Six Minutes With Satch: I Hate to Leave You Now / You'll Wish You'd Never Been Born

When we last left our hero, he had just blown beautifully on "That's My Home" before contributing a short, but potent solo on "Hobo, You Can't Ride This Train." But Mezz Mezzrow, a guest at the session, was nervous about Armstrong's delicate lip, which had been overworked by a series of live performances and broadcasts before the session. How long could he keep going?

“I Hate To Leave You Now” was the third tune up and it must have been a special choice for Armstrong since it was written by his good buddy, Fats Waller (though interestingly, as Dan Morgenstern pointed out in his liner notes to the Complete RCA recordings set, it was never registered for copyright until 1957).

The Webb band takes a four-bar introduction and it’s clear by just those four bars that the Swing Era hadn’t quite begun—the tuba already sounds out-of-date and Webb’s static brush hit on the snare drum on each beat of the bar doesn’t even hint at his potential as a drummer (he must have missed his bass drum, which he was told not to use because it would push Armstrong too hard). So when did the Swing Era begin, you ask? Interestingly enough, just five days after this session, Bennie Moten’s band headed into these same Camden studios, and the fury and swing of that landmark session, which featured the likes of Count Basie, Hot Lips Page and Ben Webster, is THE moment the Swing Era came alive for this writer.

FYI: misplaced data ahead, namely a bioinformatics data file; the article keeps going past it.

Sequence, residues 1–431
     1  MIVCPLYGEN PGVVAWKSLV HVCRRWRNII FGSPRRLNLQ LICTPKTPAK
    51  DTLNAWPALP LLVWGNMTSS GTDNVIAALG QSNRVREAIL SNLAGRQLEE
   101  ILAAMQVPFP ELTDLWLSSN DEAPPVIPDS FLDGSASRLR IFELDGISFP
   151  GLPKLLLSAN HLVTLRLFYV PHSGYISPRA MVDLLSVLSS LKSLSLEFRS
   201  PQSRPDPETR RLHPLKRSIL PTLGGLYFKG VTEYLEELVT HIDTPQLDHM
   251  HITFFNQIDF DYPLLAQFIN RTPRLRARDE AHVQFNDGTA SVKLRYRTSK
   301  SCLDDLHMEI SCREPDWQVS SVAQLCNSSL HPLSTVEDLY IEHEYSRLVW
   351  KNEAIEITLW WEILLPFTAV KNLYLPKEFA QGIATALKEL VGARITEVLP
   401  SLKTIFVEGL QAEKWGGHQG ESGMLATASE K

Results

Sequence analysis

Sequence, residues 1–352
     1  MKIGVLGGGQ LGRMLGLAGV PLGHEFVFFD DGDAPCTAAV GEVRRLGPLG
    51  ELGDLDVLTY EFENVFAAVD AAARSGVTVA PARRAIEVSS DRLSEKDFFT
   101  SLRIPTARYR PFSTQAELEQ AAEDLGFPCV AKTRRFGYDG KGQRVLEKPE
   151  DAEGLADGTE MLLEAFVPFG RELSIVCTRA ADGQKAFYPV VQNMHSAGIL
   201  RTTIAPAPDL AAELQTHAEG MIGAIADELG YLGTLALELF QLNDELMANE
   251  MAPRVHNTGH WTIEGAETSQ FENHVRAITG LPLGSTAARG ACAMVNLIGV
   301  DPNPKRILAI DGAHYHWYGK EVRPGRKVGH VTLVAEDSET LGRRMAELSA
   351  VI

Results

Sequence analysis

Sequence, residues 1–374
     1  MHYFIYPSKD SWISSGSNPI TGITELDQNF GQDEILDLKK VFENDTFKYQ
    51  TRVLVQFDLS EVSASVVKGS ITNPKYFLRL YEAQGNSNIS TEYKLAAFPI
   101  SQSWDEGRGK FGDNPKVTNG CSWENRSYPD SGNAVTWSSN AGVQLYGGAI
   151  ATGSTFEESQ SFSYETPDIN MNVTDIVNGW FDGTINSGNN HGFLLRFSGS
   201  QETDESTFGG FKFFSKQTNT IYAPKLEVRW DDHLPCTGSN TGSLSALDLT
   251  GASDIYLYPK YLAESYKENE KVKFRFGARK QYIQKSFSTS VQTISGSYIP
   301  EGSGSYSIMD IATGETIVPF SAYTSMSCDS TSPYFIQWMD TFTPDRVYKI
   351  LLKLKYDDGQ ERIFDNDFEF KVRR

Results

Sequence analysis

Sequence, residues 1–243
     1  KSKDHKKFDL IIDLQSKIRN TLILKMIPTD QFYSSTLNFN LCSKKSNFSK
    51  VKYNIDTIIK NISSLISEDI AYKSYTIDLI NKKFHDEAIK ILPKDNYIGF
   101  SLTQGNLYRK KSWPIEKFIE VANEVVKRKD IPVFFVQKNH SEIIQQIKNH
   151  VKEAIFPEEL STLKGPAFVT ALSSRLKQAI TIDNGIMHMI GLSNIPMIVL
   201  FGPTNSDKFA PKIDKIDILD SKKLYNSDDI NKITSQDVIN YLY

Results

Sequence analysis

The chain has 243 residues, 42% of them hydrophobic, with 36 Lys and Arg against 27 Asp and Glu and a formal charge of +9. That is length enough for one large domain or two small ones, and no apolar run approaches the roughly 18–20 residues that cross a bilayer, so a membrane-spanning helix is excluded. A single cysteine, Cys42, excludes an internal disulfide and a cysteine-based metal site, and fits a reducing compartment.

But even though the orchestration doesn’t exactly swing like Moten, no one could exactly swing like Armstrong, who makes the listener completely forget about the surroundings as soon as he picks up his trumpet, complete with a unique leather Solotone mute in the bell (thanks to my old friend Herbert Christ for the info). That Armstrong’s chops were dying down is no surprise when you hear the little cracked note in the very first bar. However, he recovers and manages to caress the very pretty melody beautifully. This has to be one of my favorite muted Armstrong moments. His sound combined with the sound of that Camden church results in a positively heavenly experience. He’s ultra-relaxed, keeping his improvisation to a minimum, just singing the melody. Gorgeous stuff.

After a modulation by pianist Don Kirkpatrick, Armstrong takes the vocal in his charming tenor of the period. He sounds so damned happy, how can you help but smile? A highlight for me is the way he enters the bridge: “Oh dear your eyes,” each a quarter note, landing on the first beat of the bridge with the word “eyes,” phrasing much like his trumpet playing. He nearly explodes with the soulful, “And dear,” which carries into the cute little laugh during the last A section. Armstrong even screws up the last line, singing “I hate to lose you now,” but the message still works and what preceded it is so good, it doesn’t matter. Throughout the vocal the rhythm section relaxes a bit, with Webb’s brushes nicely prodding matters along.

Another Kirkpatrick interlude sets up Armstrong’s delicious entrance, playing five repeated C’s not on the beat but rather between each quarter-note, creating tension that resolves with the leap up to a high G. After this adventurous beginning, Armstrong calms down, probably not wanting to blow his chops out. He disappears for a few beats at a time, then jumps back in with a gliss or something powerful before retreating again.  When he gets his footing, he plays two quick F’s before a gigantic gliss to a high A, showing off a little power. He reminds me of a boxer in round 12; perhaps a little out-of-gas, but with enough smarts and pure power to flurry when it counts. Summoning up everything he has left, Armstrong continues by playing the melody in the upper register, an octave higher than written, pulling it off though one split-second note is cracked at the 2:59 mark. With the end of the fight looming, Armstrong pours it on, emptying the tank with a series of bone-chilling high A’s before resolving to a high C at the bell. Winner and still champeen….